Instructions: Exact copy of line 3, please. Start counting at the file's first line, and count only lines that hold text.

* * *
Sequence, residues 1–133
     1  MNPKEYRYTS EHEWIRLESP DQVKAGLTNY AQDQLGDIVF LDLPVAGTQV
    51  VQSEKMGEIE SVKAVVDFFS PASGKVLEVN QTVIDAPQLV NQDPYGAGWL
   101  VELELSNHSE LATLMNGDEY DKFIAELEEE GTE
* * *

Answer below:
    51  VQSEKMGEIE SVKAVVDFFS PASGKVLEVN QTVIDAPQLV NQDPYGAGWL